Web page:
- Syrian man is involuntarily conscripted into the militia, where he undergoes basic training, performs guard duty, and does errands for superior officers. He flees to the United States, where he seeks asylum on the ground that he will be tortured if returned to Syria. Feds: We consider the government militia you were forced to join to be a terrorist organization, and we don't grant asylum to terrorists. Third Circuit: That's right. (Fortunately, he received a more restrictive "deferral of removal" under the Convention Against Torture.)
- Does New Jersey's ban on large capacity magazines violate the Second Amendment? Third Circuit: We already decided that it does not when we denied the plaintiffs' motion for a preliminary injunction, so we're bound by the law of the case and cannot reconsider. Dissent: Prudential doctrines shouldn't trump constitutional rights.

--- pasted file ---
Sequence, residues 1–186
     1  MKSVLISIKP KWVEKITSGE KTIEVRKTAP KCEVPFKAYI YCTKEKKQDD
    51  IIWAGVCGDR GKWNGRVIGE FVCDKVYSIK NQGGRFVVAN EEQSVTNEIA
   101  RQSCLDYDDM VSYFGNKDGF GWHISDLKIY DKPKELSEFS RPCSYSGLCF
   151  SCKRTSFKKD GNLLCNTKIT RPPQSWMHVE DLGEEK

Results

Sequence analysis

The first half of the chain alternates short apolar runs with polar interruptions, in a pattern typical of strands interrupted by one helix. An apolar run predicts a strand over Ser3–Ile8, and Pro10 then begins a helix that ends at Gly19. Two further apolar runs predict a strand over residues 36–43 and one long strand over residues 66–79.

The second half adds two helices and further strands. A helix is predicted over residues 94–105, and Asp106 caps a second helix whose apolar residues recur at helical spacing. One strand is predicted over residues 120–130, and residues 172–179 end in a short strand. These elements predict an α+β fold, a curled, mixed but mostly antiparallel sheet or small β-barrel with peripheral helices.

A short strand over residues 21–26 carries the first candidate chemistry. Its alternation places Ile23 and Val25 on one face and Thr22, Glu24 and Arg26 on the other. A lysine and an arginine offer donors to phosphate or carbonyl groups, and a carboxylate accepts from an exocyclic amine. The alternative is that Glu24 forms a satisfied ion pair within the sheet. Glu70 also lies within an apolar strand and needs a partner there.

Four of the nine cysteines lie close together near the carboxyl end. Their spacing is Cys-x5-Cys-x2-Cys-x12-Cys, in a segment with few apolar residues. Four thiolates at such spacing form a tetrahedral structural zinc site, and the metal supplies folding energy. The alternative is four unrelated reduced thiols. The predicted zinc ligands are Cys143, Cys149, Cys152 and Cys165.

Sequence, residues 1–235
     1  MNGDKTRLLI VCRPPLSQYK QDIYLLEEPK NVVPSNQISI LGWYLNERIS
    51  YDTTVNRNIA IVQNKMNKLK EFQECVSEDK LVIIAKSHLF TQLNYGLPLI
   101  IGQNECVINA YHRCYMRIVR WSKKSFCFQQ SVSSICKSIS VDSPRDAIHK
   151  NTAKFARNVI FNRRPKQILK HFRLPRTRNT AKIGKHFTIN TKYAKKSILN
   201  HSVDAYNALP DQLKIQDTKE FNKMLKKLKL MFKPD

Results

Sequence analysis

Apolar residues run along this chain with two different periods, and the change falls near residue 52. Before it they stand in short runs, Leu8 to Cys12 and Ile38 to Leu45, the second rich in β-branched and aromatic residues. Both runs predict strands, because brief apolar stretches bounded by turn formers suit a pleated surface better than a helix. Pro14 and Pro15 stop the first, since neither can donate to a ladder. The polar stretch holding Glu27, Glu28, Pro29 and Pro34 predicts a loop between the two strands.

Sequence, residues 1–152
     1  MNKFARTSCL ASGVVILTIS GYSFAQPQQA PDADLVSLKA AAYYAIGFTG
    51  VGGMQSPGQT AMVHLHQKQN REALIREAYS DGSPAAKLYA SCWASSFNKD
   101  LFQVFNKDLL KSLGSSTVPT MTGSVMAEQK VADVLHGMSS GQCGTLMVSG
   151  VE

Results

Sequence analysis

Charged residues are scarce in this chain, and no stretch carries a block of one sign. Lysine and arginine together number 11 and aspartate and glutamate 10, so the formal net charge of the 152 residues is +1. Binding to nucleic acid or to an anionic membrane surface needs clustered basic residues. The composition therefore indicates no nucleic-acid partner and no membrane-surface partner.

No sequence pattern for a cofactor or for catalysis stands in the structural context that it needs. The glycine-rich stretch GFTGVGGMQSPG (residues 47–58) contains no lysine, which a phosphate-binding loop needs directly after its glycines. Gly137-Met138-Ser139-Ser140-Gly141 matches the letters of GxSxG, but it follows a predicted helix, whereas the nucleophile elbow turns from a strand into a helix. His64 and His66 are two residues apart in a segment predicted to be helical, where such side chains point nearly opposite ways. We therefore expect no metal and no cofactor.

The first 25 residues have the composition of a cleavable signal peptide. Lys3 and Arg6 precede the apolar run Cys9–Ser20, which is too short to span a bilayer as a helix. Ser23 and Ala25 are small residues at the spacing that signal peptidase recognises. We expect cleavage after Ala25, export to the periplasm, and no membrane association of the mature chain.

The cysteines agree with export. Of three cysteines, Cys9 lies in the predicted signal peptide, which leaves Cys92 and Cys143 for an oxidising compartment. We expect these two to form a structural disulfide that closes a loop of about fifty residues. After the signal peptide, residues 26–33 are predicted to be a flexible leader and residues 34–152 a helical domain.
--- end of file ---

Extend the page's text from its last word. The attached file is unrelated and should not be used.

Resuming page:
- Third Circuit: Pennsylvania man, who is African American, provides a ride home to a woman who states she is afraid of her drunk, abusive boyfriend. And with good reason. Upon arrival, the boyfriend hurls racial epithets, brandishes a knife, threatens to "chop up" the girlfriend, and jumps on the hood of the moving car. The terrified driver calls 911, who instruct him to convey his interior/exterior passengers to a police checkpoint. Naturally, the driver is arrested on suspicion of drunk driving, despite passing a breathalyzer test, and is charged with multiple…y'know what, just grab a stiff drink and read the case.
- Does keeping a death-row inmate in solitary confinement for 33 years violate the Eighth Amendment prohibition on cruel and unusual punishment? Third Circuit: Going forward? Yes. But qualified immunity in this case.